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Walsh v. Bank of America, N.A.

United States District Court, District of Columbia

June 29, 2015

GREGORY WALSH, et al., Plaintiff-Relators,
v.
BANK OF AMERICA NA, et al., Defendants.

MEMORANDUM OPINION AND ORDER

CHRISTOPHER R. COOPER, District Judge.

Plaintiffs Gregory and Christina Walsh purchased their Virginia home with a variable-rate mortgage in 2006. When their interest charges increased beyond their ability to pay, the Walshes brought suit in the Eastern District of Virginia in 2011, asserting procedural defects in the sale and subsequent transfer of their mortgage. After the case was dismissed with prejudice, the Walshes brought suit anew in this Court, asserting the same claims as well as a claim to enforce a Consent Judgment entered in this Court between the United States and defendant Bank of America. Because private citizens, such as the Walshes, cannot enforce the terms of a judgment obtained by the federal government, the Court will dismiss this claim. And because the events surrounding the Walshes' mortgage and foreclosure have no connection to the District of Columbia, the Court will dismiss all but one of the remaining claims for improper venue. The Court will transfer the lone surviving claim to the Eastern District of Virginia.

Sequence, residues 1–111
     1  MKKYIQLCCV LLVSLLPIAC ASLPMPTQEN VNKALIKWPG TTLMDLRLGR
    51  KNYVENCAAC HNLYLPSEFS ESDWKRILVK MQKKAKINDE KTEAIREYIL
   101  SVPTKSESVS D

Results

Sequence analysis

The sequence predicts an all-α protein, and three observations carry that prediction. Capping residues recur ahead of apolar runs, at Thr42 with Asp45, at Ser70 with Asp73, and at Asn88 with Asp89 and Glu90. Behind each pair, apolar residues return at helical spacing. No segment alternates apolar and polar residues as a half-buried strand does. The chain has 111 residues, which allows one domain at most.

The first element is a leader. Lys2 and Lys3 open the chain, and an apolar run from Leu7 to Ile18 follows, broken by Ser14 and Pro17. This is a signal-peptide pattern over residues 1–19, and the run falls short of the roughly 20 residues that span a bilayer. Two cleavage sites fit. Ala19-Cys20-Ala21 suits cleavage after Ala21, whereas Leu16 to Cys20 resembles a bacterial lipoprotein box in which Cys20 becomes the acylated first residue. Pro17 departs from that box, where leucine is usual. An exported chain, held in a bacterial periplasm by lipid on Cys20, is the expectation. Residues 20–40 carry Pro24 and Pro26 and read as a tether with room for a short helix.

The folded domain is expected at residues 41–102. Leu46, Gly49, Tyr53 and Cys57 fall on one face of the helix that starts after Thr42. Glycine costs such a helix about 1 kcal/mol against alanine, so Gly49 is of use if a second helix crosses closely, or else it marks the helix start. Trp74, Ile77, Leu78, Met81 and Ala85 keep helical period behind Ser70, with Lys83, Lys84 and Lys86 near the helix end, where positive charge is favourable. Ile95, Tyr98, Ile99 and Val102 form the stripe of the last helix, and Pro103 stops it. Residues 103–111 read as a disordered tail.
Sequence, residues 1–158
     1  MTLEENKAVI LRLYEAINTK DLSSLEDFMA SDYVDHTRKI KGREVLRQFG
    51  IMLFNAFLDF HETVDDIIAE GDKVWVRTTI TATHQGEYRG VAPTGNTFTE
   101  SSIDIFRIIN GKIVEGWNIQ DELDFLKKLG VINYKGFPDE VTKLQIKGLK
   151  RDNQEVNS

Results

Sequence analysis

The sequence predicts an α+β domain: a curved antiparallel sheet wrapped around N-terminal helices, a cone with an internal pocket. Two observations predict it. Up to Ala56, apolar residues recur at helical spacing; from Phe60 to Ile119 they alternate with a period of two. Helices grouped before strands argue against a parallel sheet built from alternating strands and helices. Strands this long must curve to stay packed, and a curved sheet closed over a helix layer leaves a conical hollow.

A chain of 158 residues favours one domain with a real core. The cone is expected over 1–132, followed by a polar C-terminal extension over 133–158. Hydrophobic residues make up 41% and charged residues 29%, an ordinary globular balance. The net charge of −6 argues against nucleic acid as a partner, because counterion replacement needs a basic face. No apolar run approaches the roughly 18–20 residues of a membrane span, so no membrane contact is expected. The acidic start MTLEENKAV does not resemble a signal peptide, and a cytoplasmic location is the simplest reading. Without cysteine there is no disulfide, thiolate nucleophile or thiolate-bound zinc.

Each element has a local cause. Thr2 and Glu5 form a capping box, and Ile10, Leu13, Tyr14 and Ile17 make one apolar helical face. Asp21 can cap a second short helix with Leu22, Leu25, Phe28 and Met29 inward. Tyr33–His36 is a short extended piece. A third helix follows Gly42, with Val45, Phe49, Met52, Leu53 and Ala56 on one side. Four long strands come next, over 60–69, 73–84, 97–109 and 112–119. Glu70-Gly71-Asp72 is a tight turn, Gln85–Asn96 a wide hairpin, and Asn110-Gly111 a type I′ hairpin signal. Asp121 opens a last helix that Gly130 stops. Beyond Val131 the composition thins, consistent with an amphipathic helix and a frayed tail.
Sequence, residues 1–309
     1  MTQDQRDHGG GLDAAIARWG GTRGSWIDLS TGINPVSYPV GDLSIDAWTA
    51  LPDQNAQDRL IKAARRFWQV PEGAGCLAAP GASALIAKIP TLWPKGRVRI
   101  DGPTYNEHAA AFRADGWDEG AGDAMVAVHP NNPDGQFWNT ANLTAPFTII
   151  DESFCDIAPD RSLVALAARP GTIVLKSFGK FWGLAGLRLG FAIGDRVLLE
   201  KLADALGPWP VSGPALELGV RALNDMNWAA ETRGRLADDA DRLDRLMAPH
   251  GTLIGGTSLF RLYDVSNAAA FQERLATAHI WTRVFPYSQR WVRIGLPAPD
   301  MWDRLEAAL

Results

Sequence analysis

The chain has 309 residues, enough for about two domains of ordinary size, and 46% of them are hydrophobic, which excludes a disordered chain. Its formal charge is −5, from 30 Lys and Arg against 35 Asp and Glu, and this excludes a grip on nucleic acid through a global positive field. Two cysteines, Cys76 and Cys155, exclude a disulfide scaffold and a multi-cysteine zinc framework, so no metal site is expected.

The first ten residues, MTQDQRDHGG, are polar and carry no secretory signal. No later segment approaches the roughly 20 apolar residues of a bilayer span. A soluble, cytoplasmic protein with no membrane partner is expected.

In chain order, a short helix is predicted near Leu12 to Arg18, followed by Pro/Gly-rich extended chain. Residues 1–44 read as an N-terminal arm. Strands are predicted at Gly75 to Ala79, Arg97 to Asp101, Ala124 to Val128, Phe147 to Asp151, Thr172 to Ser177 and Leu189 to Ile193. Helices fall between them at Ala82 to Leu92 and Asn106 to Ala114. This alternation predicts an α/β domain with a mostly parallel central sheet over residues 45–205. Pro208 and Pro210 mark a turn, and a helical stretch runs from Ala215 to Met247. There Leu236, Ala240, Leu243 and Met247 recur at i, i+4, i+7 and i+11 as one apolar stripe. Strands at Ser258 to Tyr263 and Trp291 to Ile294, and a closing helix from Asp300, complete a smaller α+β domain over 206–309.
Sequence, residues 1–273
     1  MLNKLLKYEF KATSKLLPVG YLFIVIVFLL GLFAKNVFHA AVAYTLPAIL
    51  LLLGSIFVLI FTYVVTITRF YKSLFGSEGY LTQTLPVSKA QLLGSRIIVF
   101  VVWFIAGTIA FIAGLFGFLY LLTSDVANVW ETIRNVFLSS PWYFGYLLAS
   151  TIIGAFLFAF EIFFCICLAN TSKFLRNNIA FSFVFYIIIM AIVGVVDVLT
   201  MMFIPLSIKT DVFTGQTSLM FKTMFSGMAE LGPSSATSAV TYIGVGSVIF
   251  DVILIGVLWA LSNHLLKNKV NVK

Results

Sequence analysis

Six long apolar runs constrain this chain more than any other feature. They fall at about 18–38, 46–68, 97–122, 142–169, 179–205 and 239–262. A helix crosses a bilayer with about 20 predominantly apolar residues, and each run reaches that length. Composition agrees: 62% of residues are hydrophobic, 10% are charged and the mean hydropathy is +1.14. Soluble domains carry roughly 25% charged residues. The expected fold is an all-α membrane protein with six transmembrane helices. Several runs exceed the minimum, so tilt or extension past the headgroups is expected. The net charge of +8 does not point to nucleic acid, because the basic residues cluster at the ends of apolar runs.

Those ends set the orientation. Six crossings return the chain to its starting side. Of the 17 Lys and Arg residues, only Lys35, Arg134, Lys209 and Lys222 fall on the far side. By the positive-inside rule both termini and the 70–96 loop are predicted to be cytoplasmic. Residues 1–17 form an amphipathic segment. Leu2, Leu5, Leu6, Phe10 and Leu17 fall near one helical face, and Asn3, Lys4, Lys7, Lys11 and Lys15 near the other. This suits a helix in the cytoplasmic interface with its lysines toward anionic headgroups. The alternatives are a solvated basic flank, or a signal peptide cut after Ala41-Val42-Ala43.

I. Background

Gregory and Christina Walsh are homeowners in Fairfax, Virginia who purchased their home under a variable-rate mortgage prior to the 2008 financial crisis. Compl. ¶ 2 & Ex. A. As with many other mortgages from this period, the Walshes' interest rate ballooned within a few years, and they fell behind on their payments. In 2011, the Walshes brought claims in Virginia state court against Bank of America, which then held their mortgage, and others asserting fraud, violations of the Truth in Lending Act ("TILA"), Pub L. No. 90-321 (1987), and breach of fiduciary duty, among other claims. Am. Compl., Walsh v. Bank of America, NA, No. 11-cv-1168 (E.D. Va. Oct. 22, 2011). After the defendants removed the case to the Eastern District of Virginia, the District Court granted their motion to dismiss because (1) the Walshes had failed to oppose the motion; (2) their fraud, TILA, and breach of fiduciary duty claims were barred by the applicable statutes of limitations; and (3) the Walshes had failed to assert sufficient facts to state a claim as to their remaining counts. Order, Walsh v. Bank of America, NA, No. 11-cv-1168 (E.D. Va. Feb 15, 2012). After the Walshes amended their complaint, the District Court granted the defendants' renewed motion to dismiss for failure to oppose and failure to state a claim and dismissed the suit with prejudice. Order, Walsh v. Bank of America, NA, No. 11-cv-1168 (E.D. Va. Apr. 26, 2012).